Anita Hill, the woman who a year ago accused Supreme Court Justice Clarence Thomas of sexual harassment and ignited a national debate on the issue, said Tuesday she was not surprised that she had lost.
The Senate voted to confirm Thomas to the high court despite Hill's dramatic accusations that he had broken sexual harassment laws when she worked for him in a variety of government posts.
Thomas vehemently denied the charges, claiming they were politically motivated and calling Hill's televised testimony "a high-tech lynching for an uppity nigger."
"I really was not surprised," she said in an interview broadcast on NBC's Today Show.
"What was involved was a political power play," Hill said. "It really had little to do with what I was there to describe."
The Oklahoma law professor said the public's reaction _ polls showed that more people believed Thomas than Hill _ reflected what is typical in many such sexual harassment cases, blaming the victim and ascribing unseemly motives to his or her decision to go public.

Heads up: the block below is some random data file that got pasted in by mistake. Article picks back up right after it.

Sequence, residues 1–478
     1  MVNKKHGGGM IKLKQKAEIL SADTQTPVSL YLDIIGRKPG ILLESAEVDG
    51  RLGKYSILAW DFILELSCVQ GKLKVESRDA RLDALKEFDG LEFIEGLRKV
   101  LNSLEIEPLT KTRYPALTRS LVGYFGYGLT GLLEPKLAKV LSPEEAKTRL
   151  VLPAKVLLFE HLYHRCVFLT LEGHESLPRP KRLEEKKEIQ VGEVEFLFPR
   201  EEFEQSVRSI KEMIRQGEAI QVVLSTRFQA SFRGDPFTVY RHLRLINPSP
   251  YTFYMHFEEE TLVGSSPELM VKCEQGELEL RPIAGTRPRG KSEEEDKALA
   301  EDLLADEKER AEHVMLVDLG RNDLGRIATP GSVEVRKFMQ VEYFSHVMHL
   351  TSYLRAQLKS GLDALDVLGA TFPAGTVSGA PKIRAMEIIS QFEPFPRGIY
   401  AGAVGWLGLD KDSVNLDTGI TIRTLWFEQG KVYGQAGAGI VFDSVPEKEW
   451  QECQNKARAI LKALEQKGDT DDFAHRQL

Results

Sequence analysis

She also had some harsh words for Sen. Arlen Specter, the Pennsylvania Republican who emerged as Hill's most skeptical and harshest inquisitor.
Asked about Specter's recent statements that he was sympathetic to a woman who claimed she had been harassed, Hill said it was hard to believe considering "how destructive and unproductive his performance was."
Hill said her strongest memories of the controversial testimony were how her friends and family stood by her and joined her at the Senate Judiciary Committee hearing to embrace her.